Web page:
Make-Ahead, Storing and Reheating

 Can you smell the buttery goodness of these scones?
Can you smell the buttery goodness of these scones?

These Scottish wholemeal scones are best when served fresh, but they can be made ahead and stored for later. To make ahead, prepare the dough as instructed and cut them into desired shapes, then wrap tightly with plastic wrap and store in the fridge for up to 2 days.

If you’ve already baked the scones, they can be stored in an airtight container for up to 3 days at room temperature. If stored longer than that, they will lose their texture and flavor. To reheat them, place them on a baking sheet and warm them in the oven at 350°F for a few minutes until golden brown.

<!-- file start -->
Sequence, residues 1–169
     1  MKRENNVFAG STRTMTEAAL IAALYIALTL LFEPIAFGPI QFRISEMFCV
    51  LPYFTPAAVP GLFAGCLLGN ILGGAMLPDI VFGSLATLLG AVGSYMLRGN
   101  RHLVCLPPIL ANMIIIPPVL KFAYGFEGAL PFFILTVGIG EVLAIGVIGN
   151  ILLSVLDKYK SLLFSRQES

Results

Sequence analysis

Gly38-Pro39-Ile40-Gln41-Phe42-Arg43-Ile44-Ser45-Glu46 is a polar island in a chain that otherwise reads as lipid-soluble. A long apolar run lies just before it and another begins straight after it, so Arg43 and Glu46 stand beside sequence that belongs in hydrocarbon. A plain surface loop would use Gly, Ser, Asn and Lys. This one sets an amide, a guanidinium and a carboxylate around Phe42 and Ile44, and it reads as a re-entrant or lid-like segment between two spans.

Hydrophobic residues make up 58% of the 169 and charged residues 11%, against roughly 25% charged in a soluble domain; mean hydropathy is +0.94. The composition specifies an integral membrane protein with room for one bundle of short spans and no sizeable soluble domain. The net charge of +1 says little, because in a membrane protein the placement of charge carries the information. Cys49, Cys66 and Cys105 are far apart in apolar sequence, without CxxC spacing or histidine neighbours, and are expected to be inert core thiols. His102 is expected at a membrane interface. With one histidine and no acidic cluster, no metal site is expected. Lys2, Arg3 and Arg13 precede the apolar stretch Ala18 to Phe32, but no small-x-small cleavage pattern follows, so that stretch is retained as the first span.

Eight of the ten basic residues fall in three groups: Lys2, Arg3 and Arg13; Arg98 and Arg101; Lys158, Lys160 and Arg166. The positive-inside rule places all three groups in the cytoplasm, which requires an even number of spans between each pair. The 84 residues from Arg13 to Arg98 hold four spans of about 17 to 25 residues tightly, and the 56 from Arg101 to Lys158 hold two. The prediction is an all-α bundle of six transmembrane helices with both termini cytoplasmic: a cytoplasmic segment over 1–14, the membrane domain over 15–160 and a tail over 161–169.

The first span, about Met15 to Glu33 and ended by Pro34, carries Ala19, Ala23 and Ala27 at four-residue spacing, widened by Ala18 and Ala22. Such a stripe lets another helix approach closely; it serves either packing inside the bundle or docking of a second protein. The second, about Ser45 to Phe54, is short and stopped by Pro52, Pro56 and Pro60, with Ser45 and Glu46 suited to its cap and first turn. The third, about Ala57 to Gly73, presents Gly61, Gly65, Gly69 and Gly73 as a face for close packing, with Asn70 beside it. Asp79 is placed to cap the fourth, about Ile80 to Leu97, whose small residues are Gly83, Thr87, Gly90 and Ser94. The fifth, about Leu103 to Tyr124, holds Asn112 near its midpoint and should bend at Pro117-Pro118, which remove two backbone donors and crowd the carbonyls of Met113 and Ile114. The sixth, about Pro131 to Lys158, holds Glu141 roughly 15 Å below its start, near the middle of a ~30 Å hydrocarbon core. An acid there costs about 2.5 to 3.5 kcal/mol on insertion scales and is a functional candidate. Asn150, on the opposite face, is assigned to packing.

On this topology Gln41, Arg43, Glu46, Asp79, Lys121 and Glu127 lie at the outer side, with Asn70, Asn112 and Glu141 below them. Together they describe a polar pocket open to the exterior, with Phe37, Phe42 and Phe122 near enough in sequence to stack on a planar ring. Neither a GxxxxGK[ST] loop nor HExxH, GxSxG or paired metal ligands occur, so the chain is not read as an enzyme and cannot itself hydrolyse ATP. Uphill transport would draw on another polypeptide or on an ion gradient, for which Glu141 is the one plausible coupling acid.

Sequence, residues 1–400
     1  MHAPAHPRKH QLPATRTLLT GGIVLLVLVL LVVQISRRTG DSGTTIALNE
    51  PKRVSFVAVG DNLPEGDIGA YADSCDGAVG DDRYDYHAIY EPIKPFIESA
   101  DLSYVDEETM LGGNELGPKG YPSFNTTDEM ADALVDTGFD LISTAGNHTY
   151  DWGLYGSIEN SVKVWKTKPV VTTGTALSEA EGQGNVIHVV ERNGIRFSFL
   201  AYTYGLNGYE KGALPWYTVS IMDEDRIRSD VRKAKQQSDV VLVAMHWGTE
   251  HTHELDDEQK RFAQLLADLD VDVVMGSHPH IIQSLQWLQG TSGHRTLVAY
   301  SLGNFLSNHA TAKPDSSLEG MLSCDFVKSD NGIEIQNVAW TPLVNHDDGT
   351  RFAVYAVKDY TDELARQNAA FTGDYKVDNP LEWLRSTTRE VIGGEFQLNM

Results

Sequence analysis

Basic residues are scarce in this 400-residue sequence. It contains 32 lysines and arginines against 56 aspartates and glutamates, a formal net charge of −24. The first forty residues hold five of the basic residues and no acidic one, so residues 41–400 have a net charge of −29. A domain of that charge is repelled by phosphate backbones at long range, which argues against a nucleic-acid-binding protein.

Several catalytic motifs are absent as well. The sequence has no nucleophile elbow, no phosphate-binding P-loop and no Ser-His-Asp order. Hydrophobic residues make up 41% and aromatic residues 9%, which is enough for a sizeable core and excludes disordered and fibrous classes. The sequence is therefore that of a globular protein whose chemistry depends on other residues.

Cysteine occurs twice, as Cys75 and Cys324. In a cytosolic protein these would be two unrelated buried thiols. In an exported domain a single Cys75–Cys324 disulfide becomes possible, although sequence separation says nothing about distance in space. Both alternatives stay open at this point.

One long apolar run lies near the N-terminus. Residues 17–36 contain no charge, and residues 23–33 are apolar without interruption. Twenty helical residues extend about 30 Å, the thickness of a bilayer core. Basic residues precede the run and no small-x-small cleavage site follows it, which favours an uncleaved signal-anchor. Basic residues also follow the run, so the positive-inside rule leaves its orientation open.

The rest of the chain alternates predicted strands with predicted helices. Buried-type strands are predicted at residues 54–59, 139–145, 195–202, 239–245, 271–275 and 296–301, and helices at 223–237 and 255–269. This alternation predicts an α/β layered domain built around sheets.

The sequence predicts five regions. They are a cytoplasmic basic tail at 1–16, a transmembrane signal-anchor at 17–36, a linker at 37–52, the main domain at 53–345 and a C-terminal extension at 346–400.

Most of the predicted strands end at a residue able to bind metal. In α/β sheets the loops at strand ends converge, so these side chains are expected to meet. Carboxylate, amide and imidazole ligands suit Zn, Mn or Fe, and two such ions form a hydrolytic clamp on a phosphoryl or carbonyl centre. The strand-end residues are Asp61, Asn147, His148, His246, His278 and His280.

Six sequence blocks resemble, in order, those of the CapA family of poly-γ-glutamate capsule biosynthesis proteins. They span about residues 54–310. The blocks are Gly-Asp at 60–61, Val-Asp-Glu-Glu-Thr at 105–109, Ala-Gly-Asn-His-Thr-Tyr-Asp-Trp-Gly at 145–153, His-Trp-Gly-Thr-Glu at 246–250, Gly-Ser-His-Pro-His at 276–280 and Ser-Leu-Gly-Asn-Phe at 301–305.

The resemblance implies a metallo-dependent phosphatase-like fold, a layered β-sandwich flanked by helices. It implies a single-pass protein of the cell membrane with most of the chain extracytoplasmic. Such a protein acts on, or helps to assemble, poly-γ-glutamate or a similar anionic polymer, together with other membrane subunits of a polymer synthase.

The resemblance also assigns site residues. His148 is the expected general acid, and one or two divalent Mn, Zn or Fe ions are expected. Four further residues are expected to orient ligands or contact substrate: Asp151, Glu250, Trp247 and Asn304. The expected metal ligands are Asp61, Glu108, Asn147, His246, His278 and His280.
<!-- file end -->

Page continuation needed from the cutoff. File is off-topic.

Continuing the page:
These scones can also be frozen for longer storage. To freeze, bake as directed and let them cool completely before wrapping each one individually with aluminum foil or plastic wrap. Store them in freezer bags for up to 3 months. To reheat frozen scones, remove them from the freezer and allow them to thaw on the counter overnight before heating them in the oven just like fresh scones.

Remember that reheating these scones too long or too hot can make them dry out, so be careful not to overdo it. That said, this recipe shows how easy it is to keep these delicious healthy Scottish wholemeal scones around whenever you need a quick snack or breakfast made with minimal fuss.

Tips for Perfect Results

 A classic Scottish recipe that you won't regret trying.
A classic Scottish recipe that you won’t regret trying.